Dividends: Look Due North

I am frequently asked, when I post about my love affair with Canadian Bank Stocks, which ones are the best. Truth be told, there is some merit in the adage that one should purchase the major Canadian bank stock that has the highest dividend yield at the time of the investment.

Of course, I would not suggest that this be your only measure but the past dictates that you wouldn’t have gone too far wrong if it was.

I have often said that Scotiabank (BNS) was my favorite of the Canadian bank stocks. I would also suggest that dividend growth investors take a look at Bank of Montreal (BMO) due to its current valuation and yield.

Let’s have a quick look at some recent information on these two investments.

Bank of Nova Scotia (BNS)

BNS reported Q3 results that were slightly ahead of expectations, with EPS of $1.03 vs. consensus of $1.00. The upside was primarily due to stronger-than-expected domestic retail revenues, although securities gains also contributed. BNS’ domestic banking division led the way in terms of core net income growth. Analysts have increased its price target from $54.00 to $55.00 based on 2007 and 2008 EPS estimates that have guided higher.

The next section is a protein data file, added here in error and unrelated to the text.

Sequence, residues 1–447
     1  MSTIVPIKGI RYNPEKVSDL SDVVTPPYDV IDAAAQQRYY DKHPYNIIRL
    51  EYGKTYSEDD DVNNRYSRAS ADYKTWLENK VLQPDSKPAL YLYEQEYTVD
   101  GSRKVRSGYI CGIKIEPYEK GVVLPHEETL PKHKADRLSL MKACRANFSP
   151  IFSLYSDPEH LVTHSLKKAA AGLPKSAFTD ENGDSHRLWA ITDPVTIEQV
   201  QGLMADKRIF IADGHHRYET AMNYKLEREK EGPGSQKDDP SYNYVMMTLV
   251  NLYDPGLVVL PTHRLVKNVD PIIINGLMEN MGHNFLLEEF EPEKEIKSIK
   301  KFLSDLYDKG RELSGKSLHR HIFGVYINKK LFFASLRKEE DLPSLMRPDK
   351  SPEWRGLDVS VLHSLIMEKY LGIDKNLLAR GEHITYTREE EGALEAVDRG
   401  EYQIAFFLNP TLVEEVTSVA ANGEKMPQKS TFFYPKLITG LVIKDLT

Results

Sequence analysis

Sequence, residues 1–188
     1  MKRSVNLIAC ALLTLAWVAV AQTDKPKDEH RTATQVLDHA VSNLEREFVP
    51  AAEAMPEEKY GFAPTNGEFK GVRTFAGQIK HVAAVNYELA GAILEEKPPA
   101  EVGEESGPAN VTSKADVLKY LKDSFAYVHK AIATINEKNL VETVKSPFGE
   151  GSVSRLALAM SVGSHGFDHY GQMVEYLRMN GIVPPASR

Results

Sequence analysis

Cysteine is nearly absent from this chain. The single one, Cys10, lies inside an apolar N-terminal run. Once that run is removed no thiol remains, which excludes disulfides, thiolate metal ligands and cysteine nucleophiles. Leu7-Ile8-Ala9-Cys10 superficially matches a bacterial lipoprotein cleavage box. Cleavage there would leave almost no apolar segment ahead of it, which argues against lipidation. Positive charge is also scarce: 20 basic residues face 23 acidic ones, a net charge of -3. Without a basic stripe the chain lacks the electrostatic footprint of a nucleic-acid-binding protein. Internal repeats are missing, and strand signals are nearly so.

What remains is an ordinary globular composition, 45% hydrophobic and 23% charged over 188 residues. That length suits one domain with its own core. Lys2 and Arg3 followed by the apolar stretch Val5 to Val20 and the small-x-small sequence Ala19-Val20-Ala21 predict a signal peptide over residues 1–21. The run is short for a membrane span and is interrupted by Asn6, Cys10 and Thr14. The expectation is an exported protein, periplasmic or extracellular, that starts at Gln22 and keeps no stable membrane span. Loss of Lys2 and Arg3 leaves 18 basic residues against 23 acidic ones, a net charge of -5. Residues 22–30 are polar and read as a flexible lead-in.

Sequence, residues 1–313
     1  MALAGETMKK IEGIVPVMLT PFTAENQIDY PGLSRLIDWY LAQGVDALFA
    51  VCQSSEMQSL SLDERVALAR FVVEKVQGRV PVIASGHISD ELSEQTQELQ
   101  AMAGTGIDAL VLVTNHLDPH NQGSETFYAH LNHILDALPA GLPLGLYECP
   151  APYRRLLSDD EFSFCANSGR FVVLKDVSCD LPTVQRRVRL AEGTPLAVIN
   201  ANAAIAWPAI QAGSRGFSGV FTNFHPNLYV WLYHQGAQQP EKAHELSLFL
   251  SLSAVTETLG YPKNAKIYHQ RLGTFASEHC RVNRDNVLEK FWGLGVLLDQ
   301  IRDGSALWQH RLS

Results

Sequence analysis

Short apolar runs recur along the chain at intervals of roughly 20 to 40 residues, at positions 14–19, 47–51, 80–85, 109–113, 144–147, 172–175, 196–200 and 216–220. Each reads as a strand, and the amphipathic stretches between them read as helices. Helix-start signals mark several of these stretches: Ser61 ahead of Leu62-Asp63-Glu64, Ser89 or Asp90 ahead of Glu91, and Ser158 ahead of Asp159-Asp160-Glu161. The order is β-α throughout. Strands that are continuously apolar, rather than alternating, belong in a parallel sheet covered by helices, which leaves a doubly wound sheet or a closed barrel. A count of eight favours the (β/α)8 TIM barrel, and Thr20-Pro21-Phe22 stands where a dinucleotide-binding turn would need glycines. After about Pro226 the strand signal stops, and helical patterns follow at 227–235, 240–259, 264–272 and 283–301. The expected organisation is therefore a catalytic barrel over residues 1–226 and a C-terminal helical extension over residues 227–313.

There still remains some concern that Canadian banks could trade sideways or down in the near term on negative news flow out of world financials and potential earnings disappointments to finish out the year. However, Scotia holds the most excess capital and has above-average medium and long-term growth prospects due to its presence in Latin America and the Caribbean which I have mentioned before, was a spectacular strategic move.

Bank of Montreal (BMO)

BMO reported core cash EPS of $1.46, ahead of the consensus estimate of $1.39. The upside was primarily due to strong growth in capital markets and in the private client division. The bank continues to reduce the size of the commodities portfolio and its risk, however some analysts estimate that there are approximately 2 quarters to go before the size of the portfolio is reduced to an acceptable level.

BMO just raised its dividend by $0.02 to $0.70 per share which makes that juicy 4.0% yield look a whole lot sweeter!

Some analysts believe that BMO is likely to underperform its Canadian Bank peers as its retail revenue continues to lag the group and the bank derives a higher proportion of its earnings from wholesale banking.

BMO is worth a look due to its consistent dividend growth, attractive current yield, and the fact that it is a Canadian banks that’s moat is government protected. Some have voiced concern over the higher than average dividend payout ratio, which is a valid concern. All in all, BMO is certainly worth a look for the dividend growth investor!

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